Tag Archives | handwalking

Hand Walking

I’m often asked about handwalking in the many questions that come in. Usually it comes in two types; how do you hand walk, and what to do next?

Let’s talk about the first part.

hand walkingFirst a warning. I’ve said this many times before and will continue to say it. You must learn to stand on your hands first, before you start walking around. The reason for this is that if you learn to walk and never to stand, you will only be able to balance by walking around and never learn the necessary wrist and shoulder balance necessary for all other hand balancing.

Assuming you can stand, walking should pose no problem. Simply lift one arm up slightly, place in a little in front of where it was, repeat with the other arm, and continue on.

In the beginning, strive to make small steps to stay in control. As you improve you can lengthen your stride. With this you’ll be spending more and more time on a single arm, thus making hand walking harder to do.

The thing you want to strive for at all times is to stay in control. Just about anyone can stumble around on their hands for a few seconds. Even someone proficient in doing handstands may be able to walk on their hands but lose control the last few steps as they over balance beyond their ability.

Now let’s tackle the second part. After you’ve done some handwalking what do you do next. Here is a list of different things you can do.

  1. As was already mentioned work on lengthening your stride.
  2. Work on going for distance. This is especially fun to challenge someone else in.
  3. Walk and stop. This method really increases your control and is further detailed in this Handstand Walking article.
  4. Vary the speed of your steps. Try hand walking faster and slower then normal.
  5. Walking forward is easy. Try handwalking to the sides and to the rear. And of course make turns, doing pirouettes on your hands.
  6. Try slapping while walking on your hands. Take the free hand and touch it to your head, shoulder, or hip with each step. (Each one of these is more difficult then the last).
  7. Can you dance on your hands? Sure, if you’ve got the skill and the rhythm.
  8. Handwalking is normally done with a regular position of the body. But there is no reason you can shift that around to add to the fun.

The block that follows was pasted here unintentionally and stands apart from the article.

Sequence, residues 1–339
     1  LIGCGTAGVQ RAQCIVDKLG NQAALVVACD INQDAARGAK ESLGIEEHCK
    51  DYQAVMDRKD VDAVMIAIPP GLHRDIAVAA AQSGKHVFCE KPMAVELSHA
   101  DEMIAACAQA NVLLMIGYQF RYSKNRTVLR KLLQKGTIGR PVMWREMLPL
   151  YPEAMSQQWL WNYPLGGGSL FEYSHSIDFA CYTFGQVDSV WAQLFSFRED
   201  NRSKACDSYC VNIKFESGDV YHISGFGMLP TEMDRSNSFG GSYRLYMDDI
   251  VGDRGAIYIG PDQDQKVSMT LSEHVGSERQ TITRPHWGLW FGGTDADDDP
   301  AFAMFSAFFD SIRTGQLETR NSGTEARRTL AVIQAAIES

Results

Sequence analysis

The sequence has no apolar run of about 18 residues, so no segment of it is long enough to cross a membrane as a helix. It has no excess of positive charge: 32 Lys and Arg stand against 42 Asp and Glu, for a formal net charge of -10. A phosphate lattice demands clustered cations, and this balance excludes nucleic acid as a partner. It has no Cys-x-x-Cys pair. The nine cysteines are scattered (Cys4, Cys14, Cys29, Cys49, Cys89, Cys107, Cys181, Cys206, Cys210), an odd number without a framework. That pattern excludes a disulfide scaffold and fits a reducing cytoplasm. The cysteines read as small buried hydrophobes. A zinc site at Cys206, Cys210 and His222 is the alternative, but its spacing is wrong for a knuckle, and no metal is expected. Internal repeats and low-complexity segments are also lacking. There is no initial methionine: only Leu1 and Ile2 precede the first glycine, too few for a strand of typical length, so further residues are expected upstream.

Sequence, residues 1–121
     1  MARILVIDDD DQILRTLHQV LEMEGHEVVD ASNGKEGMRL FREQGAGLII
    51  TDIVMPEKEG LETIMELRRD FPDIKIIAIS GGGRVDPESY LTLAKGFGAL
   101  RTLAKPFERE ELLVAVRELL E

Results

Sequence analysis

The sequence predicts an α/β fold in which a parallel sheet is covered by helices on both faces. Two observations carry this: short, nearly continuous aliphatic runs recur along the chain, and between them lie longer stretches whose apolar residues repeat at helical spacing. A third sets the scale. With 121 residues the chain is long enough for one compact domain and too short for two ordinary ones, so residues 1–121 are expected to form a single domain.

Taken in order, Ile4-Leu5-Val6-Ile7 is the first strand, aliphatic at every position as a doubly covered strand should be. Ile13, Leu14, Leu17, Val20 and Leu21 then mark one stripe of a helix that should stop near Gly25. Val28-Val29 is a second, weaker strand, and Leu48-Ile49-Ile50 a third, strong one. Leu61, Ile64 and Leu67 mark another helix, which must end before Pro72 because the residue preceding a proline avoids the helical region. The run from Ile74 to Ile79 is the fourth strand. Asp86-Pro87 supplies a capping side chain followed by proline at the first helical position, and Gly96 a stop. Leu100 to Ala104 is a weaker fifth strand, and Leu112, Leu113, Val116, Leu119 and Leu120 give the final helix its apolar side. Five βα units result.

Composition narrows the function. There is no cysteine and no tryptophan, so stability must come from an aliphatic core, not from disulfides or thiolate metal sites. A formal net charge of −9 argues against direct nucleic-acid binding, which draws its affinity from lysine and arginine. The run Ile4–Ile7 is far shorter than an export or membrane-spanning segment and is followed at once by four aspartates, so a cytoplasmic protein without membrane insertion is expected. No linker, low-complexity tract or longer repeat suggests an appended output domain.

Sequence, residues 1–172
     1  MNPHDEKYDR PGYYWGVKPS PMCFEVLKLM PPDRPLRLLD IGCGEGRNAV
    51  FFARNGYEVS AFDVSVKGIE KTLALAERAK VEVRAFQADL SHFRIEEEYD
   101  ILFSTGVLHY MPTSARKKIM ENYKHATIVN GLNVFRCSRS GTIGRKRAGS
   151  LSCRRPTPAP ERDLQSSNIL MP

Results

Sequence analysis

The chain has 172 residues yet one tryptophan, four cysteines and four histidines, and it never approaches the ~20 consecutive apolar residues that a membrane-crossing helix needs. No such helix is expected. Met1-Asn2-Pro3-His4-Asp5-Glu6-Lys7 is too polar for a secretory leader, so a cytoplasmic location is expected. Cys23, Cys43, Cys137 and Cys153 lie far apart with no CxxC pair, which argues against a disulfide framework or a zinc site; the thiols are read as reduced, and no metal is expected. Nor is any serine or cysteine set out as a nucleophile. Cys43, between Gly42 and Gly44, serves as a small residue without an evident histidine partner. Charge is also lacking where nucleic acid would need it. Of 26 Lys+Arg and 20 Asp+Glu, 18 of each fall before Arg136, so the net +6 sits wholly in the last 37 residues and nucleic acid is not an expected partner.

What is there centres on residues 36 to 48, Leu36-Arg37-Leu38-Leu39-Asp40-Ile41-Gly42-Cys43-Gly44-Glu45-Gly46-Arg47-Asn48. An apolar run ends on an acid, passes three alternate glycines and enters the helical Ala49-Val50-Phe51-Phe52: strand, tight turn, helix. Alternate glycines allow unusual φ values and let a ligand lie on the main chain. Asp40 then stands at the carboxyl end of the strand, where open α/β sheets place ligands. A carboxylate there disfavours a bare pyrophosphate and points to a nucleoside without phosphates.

9. And of course you can combine many of these. Try going for distance, quickly, while slapping your hip with each step.

For tons more details on all these and more, including stair walking and jumping, be sure to check out Walking and Jumping on Your Hands, one of the books only available in the Hand Balancing Mastery Course.

This should give you tons of ideas on where you can take your hand walking skills.

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Ultimate Guide to Handstand Pushups on Amazon

In fact, I’m going to be working on some of these tonight at my gymnastics class.

Good Luck and Good Hand Balancing,
Logan Christopher

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Science of Handwalking

I was sent a couple of articles by Rick over at GymnasticsCoaching.com

These can be found in the Science of Gymnastics Journal found here.

handwalking

They actually did a study on this? Cool...

One particular article caught my eye, concerning a comparison of hand walking to regular walking.

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You’re welcome to read the seven page report yourself but I’ll give you the results they found.

I’ve seen many people compare hand balancing to standing on the feet. While this can be useful in certain situations this study showed that because of the structure of the body things have to be different (no big surprise there).

Gymnasts of various, but all above average skill levels, were used in this study.

What they found was the cadence of walking on the hands was similar to the feet albeit much shorter even if you take into consideration the difference in lengths of the arms and bones.

Also hand walking requires a wider base of support then on the feet.

What they found is that the more skilled gymnasts spent more time with both hands on the ground at one time and with more consistent stride length.

These are just a few things to take into consideration the next time you go for a stroll on your hands.

Good Luck and Good Hand Balancing,
Logan Christopher

P.S. Want full details on how to walk, run, jump, skip and even tap dance on your hands? Check out How to Walk on Your Hands in the Hand Balancing Mastery Course.

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